A CNN poll conducted in January and released just before Trump’s inauguration showed diminishing confidence among respondents in his transition team and one released in early February began tracking his presidential approval rating.

(h/t Politico)


Mediaite reports CNN immediately fact checked Trump on air. Chris Cuomo took notice of Trump’s tweet, and Poppy Harlow reminded Trump on air that “they’re not our polls, they’re Gallup polls.”

“It’s very different to poll people’s opinion of a sitting president as to how they may go vote,” Harlow said. Rucker expressed hope that Trump was watching, to which Cuomo dryly responded, “oh, he’s watching.”

Trump Accuses German Reporter of Citing ‘Fake News’

President Donald Trump bristled at a question from a German reporter Friday afternoon who asked about his “America first” trade policies and disdain for the media, remarking that the reporter must have been reading “fake news.”

“Mr. President, ‘America first,’ don’t you think this is going to weaken also the European Union?” the reporter asked at Trump’s bilateral press conference with German Chancellor Angela Merkel. “And why are you so scared of diversity in the news and in the media, that you speak so often of ‘fake news’ and that things after all, in the end, cannot be proven, for example the fact that you have been wiretapped by Mr. Obama?”

“Nice friendly reporter,” Trump replied amid scattered laughter in the White House’s East Room. He did not directly address the reporter’s question about his disdain for the media, nor did he address a portion of that same reporter’s question to Merkel, which referenced past comments from the chancellor about walls coming down in seeking her thoughts on Trump’s policies.

The president did insist that he is “not an isolationist” but that he will insist, as he did on the campaign trail, that the U.S. is treated fairly in the international marketplace and does not fall victim to the pitfalls he blamed for job losses across the country.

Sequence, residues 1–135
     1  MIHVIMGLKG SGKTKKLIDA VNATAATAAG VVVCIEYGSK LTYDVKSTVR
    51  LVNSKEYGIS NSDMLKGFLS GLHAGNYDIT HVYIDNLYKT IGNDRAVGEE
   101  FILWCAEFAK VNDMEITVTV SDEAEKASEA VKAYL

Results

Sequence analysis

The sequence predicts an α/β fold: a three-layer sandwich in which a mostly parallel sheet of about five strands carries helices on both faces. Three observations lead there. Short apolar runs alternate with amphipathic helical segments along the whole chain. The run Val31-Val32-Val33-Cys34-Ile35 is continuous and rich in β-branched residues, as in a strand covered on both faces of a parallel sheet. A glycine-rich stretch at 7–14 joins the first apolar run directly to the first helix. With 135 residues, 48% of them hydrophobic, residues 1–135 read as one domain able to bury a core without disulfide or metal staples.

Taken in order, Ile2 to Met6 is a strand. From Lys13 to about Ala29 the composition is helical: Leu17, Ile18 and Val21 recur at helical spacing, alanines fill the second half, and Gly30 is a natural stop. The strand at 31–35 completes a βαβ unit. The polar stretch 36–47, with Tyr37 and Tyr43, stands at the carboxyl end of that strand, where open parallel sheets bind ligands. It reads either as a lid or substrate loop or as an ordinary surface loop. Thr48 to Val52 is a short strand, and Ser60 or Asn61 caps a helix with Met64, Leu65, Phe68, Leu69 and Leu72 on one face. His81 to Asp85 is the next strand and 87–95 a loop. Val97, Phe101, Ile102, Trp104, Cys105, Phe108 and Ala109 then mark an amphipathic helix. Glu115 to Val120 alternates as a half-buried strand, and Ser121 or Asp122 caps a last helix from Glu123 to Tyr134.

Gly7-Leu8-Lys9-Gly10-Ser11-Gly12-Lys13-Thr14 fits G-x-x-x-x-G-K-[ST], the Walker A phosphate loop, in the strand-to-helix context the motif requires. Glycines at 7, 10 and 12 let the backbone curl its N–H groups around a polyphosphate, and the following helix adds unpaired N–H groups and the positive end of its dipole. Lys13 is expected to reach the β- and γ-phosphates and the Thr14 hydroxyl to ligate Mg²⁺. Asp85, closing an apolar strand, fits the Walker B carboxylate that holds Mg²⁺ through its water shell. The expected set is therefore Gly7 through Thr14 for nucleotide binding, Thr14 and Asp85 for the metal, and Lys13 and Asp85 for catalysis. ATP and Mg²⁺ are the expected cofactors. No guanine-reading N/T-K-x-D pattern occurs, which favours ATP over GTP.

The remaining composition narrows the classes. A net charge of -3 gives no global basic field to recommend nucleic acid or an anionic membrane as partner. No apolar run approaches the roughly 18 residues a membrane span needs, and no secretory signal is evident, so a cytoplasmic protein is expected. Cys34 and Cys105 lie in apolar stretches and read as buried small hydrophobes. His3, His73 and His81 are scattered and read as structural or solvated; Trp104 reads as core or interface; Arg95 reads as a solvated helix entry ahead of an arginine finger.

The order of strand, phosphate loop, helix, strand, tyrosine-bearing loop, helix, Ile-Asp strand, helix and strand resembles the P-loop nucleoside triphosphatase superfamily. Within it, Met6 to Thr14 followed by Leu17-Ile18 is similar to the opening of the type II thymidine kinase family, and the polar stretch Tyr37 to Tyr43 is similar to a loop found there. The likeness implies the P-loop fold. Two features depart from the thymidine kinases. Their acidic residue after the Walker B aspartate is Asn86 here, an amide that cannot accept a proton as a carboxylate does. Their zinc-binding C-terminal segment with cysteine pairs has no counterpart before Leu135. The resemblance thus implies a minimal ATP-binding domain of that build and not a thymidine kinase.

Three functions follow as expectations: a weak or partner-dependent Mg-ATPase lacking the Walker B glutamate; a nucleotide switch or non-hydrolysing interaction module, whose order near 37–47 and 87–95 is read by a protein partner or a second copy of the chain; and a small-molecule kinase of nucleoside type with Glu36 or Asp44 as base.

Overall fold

“The United States has been treated very, very unfairly by many countries over the years and that’s going to stop. But I’m not an isolationist. I’m a free trader but I’m also a fair trader and our free trade has led to a lot of bad things happening,” Trump said, noting America’s significant trade deficit and the accompanying accumulation of debt. “We’re a very powerful company — country. We’re a very strong, very strong country. We’ll soon be at a level that we perhaps have never been before.”

“I am not an isolationist by any stretch of the imagination,” the president continued. “I don’t know what newspaper you’re reading, but I guess that would be another example of, as you say, fake news.”

(h/t Politico)

Trump Starts Hip-Hip Feud With Snoop Dogg

President Trump fired off five tweets early Wednesday morning: one about his tax return, one about tax cuts, two about rallies and one about, well, Snoop Dogg.

“Can you imagine what the outcry would be if @SnoopDogg, failing career and all, had aimed and fired the gun at President Obama?” Trump wrote. “Jail time!”

The president was referring to the rapper’s new “Lavender” video, in which he draws a gun, takes aim at the head of “President Ronald Klump” — comedian Michael Rapaport dressed up as a clown — and fires. Though the effect is a cartoon “Bang!” unfurling from the barrel of the gag weapon, the implication is clear.

“Shame on you, Snoop,” Trump lawyer Michael Cohen said Tuesday on TMZ Live. The rapper owes the president an apology, he said. He wouldn’t have accepted the video if it were directed toward President Obama either, Cohen said.

“If you have a protest, that’s fine,” the attorney said. “Make a point. But he has to learn that they have to respect the office of the presidency … Just because you want to hide behind the guise of artistic capabilities or artistic freedom of speech doesn’t make it right, and Snoop knows that, and he played very close to the line here.”

In the wake of Republican Sen. Marco Rubio’s comments to TMZ criticizing the rapper, Sen. Ted Cruz (R-Texas) told the website that he hadn’t seen the video yet but considered it to be “in poor taste,” especially given the nation’s history of presidential assassinations and attempted assassinations.

“I think it’s unfortunate. I wish he hadn’t done that,” Cruz said, noting that people “should not be advocating the murder of the president of the United States, and it’s sad that that is somehow deemed a controversial statement.”

(h/t Los Angeles Times)